City of Bones Guest Post: Cliché or not Cliché? That is the question.

Sunday, April 17, 2011

Today, Carina from Dystopian Desserts will be joining us to bring about a discussion of Cassandra Clare's series, The Mortal Instruments. I'm in love with these books and I thought, if you were not tempted to go out and buy the whole series when I talk about it- Carina will surely make you. I welcome you, Carina! Here's what she said about the series:

First off, I'd like to thank the absolutely amazing Gina from The Bucket List for hosting such a wonderful event! I'm absolutely thrilled to be writing a guest post, and about the epic Mortal Instruments Series no less!

So as I've had many vehement discussions with a few friends, who also happen to be avid fans of the series, there was a topic that I found genuinely interesting. It was regarding whether or not The City of Bones was considered "cliché" or not. Think about it, what truly makes this book amazing? Is there something special about the main character or storyline that has never been explored before by a different author? What makes this book stand out from the rest of the books sitting on the YA Romance or Adventure shelves of Barnes & Noble?

I've given this a lot of thought, and I've come to conclude that the reason City of Bones is such an amazing blend of literature, is because it is the perfect combination of a classic love triangle and a fresh action-packed concept. To further support my theory, I've created a list of cliché and new elements found in the story:

  • Strong heroine (Clary)
  • Gorgeous love interest (Jace)
  • Boy next door (Simon)
  • Girl can fight (Clary)
  • Evil villain who wants to rule the world (Valentine)
  • Star-Crossed Love (Jace/Clary)
  • Unrequited Love (Simon/Clary)
  • Gorgeous girl (Isabelle)
  • Loyal best friend (Simon)
  • Missing parent (Jocelyn)
  • Crazy warlock who dresses outlandishly (Magnus Bane)
  • Runes
  • Shadowhunters
  • Plot
Yup, take a good look at that list. I know it looks as if the cliché category vastly outnumbers the Un-Cliché category, but that's because most of the character personalities are typical, whereas the entire plot (which encompasses basically everything) and the concept of "runes" and "Shadowhunters" is entirely new and refreshing. Recently, girls who take the lead in adventure-type stories have started to evolve into a type of stereotype in itself. They're always headstrong, independent, and full of fighting-spirit. Take Katniss from The Hunger Games for example, or even Lena from Delirium; although all the stories are vastly different, each girl possesses the same determined quality. Not to mention, there always has to be a love interest. If you haven't already fallen in love with Jace Wayland, I guarantee you will...soon. In some ways, Clary is your typical frustrating high school girl, but by the end of the book, she evolves into a mature young woman. Her outlook on the situation is different and so does her relationship with other characters. Perhaps this is due to the natural progression of a storyline.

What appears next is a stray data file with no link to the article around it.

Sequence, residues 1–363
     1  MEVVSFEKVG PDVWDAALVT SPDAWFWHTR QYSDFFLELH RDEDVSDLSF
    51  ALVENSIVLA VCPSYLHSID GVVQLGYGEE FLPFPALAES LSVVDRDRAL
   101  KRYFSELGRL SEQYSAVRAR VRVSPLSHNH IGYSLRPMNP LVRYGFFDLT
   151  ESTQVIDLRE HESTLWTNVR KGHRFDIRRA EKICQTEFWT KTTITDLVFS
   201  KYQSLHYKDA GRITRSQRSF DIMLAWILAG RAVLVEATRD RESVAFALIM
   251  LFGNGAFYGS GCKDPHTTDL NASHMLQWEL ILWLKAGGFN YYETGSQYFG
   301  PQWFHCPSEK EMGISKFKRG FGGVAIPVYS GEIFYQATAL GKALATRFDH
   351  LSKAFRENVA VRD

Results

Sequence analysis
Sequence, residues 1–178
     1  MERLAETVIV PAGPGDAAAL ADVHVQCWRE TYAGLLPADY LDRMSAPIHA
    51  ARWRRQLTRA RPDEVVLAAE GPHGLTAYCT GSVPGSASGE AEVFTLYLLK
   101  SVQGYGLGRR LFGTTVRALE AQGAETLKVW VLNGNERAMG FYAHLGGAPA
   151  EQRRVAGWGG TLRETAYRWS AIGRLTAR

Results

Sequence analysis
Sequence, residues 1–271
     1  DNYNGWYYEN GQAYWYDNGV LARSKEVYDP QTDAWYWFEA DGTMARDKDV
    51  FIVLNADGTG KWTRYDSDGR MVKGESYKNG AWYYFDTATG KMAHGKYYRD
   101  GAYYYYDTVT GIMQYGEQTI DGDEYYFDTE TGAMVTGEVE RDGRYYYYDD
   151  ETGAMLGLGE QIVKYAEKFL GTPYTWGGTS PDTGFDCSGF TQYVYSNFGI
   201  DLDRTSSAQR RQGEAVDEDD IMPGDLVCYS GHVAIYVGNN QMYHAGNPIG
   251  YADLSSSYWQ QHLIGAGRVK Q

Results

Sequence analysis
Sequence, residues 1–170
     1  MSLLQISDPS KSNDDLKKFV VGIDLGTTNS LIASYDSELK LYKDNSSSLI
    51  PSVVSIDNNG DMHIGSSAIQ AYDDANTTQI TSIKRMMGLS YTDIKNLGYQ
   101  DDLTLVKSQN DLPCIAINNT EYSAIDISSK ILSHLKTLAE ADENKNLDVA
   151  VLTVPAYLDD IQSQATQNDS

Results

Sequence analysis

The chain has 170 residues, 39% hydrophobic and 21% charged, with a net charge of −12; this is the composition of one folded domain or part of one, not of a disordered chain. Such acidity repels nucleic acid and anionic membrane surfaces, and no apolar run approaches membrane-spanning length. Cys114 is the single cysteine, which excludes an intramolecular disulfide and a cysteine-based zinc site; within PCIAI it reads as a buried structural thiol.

In conclusion, I'd like to ask what you think makes the City of Bones such a successful and entertaining story. Is it because you can relate to some of the characters' stereotypical qualities? Or is it the new and refreshing plot that captivates your interest? Regardless of what you decide, The Mortal Instruments Series is a phenomenal read that has whisked me away into countless adventures.

-Carina L. Tai

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  1. Really interesting post, I have still to read both the hunger games and the city of bones, but even still you can see many books following the same formula but with a slightly different spin.

    I'd like to add that the forest of hands and teeth could also be used as another example and probably has most of those clichéd points, but I still thoroughly enjoyed it.